For those pet owners with busy schedules utilizing professional dog walking services or playtime through dog daycare services is another option. It has been shown that those pet owners that exercise regularly with their pets generally live a healthier lifestyle.

3. Physical therapy: As animals age pet owners offer encounter their favorite canine having more difficulty walking and have a dwindling desire to play with toys. Physical therapy, specifically hydrotherapy is a wonderful way to help older and arthritic animals gain more mobility and lose weight. Hydrotherapy has been proven to have several therapeutic effects on the body including, muscle strengthening, relief of swelling, decreased joint pain, less stiffness in limbs, improved circulation, weight loss, and increased tissue healing to name a few. For more information on the benefits of hydrotherapy:
http://bit.ly/1w1qqoy

4. Veterinary visit and blood work: Weight gain can also be related to underlying health concerns such as hypothyroidism or other endocrine disorders. Scheduling a veterinary evaluation and routine blood work can be another important component in increasing the longevity of your dog’s life. Conditions such as hypothyroidism that predispose dogs to gain weight can be treated with a daily medication to improve hormonal balance. If feel that your dog is unnecessarily overweight there can be an underlying health condition that needs to be addressed.

5. Healthy treats: Pet owners love the chance to reward their favorite canine companion with treats and most dogs jump at the chance to consume these delicious products. The problem is many treats, which can include commercial dog treats or table scrapes can add many unnecessary calories to your dog’s daily intake. Reading labels and making note of the calories in these treats is an important component of understanding your dog’s overall health. Treats should not exceed more than 10 percent of your pet’s daily calories. There are healthier treats that can be offered to your pet to keep calories lower yet provide a fuller sensation. A pet owner can add steamed or pureed vegetables, such as carrots, green beans or sweet potato to add more fiber and thus a fuller feeling for your dog.

Q. My dog 5yr JRT suddenly has hoarse bark and swollen neck glands. Vet gave antibiotics and an antacid. Still no help. Normal otherwise and very fit..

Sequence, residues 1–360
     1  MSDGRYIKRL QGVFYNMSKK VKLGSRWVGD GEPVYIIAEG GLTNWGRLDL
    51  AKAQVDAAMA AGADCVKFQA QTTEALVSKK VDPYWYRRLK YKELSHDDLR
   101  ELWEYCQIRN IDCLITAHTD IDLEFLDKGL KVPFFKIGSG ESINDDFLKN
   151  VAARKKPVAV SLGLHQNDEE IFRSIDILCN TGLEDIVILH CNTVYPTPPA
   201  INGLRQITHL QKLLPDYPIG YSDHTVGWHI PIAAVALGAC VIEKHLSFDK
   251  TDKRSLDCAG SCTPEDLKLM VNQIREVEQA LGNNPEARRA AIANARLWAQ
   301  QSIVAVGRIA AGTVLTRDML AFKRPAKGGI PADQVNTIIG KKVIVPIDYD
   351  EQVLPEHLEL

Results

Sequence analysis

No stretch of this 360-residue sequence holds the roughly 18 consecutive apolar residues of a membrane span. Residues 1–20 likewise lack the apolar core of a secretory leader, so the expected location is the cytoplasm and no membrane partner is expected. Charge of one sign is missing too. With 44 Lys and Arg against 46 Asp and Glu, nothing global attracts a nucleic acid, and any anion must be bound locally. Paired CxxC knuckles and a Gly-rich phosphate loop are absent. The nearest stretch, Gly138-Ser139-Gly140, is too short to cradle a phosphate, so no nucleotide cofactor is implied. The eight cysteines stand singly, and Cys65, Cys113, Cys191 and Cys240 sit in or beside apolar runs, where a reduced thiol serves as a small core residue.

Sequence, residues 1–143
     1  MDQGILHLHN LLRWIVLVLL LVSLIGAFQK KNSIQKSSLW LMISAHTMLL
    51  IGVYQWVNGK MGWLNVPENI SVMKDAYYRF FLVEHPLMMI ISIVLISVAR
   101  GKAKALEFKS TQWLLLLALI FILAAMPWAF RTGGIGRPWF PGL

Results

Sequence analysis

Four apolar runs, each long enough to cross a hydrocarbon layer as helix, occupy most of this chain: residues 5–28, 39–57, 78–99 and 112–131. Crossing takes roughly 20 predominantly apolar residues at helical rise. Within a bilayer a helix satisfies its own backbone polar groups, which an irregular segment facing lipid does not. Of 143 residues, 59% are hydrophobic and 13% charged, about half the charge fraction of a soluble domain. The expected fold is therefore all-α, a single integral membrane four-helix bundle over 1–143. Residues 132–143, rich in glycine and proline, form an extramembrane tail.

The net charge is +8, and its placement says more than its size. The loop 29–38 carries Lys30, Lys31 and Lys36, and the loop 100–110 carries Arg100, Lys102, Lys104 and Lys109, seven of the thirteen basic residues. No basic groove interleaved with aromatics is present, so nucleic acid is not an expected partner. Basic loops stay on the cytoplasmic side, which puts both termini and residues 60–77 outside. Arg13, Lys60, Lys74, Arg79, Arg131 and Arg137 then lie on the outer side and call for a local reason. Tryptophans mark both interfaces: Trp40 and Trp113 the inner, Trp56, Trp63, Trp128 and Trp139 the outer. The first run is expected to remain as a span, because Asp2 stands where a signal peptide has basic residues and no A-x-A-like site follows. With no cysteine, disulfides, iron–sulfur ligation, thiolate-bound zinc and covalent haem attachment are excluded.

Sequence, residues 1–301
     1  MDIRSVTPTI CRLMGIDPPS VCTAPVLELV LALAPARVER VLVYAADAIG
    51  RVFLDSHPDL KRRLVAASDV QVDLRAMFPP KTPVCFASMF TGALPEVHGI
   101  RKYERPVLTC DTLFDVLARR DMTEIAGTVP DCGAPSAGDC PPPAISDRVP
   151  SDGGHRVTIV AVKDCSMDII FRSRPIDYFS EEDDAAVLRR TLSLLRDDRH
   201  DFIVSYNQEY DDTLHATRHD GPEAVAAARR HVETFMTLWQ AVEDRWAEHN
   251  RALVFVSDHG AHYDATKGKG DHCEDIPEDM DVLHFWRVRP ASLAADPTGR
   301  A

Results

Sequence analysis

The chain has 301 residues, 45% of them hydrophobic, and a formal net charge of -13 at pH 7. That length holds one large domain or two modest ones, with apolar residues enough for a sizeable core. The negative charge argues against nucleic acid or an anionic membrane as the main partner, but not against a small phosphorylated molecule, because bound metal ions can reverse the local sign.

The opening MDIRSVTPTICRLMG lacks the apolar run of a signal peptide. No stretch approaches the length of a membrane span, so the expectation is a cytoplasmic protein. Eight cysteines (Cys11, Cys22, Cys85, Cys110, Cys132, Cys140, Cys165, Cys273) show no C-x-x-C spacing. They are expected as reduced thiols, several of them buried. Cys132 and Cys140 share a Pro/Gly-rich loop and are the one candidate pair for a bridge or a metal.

ANSWER : A. It can take 2-3 days for the antibiotics to kick in and you notice any improvements. If it has been longer than this and you are coming to the end of the medications then you should go back to your vet as different treatment or longer course maybe required.

Read Full Q/A … : Vetinfo

Q. Why does my dog keep licking her butt alot? We can’t take her to the vet. But, after the bath, she seem fine and not lick her butt alot.
ANSWER : A. I would ask the vet (or groomer who gives the bath) if they are expressing your dog’s anal glands during the bath. This is a very common thing for them to do and it would explain why your dog is so comfortable after a bath. It would also explain why your dog licks her bum so often! Dog’s have these bothersome glands that are located right next to their anus called anal glands. These glands fill up every week or two with fluid (in some cases, very thick fluid) and many dogs have a hard time expressing this fluid on their own. This causes them a great deal of discomfort and in turn causes them to lick their bum! Some dogs will even scoot their bum on the carpet in an effort to empty the glands. Your vet (or your groomer in this case) can help you and your dog out by emptying these glands out on a regular basis and keeping your dog comfortable.

Q. My dog licks his feet and legs and they are turning brown. He is a white dog. Can you help?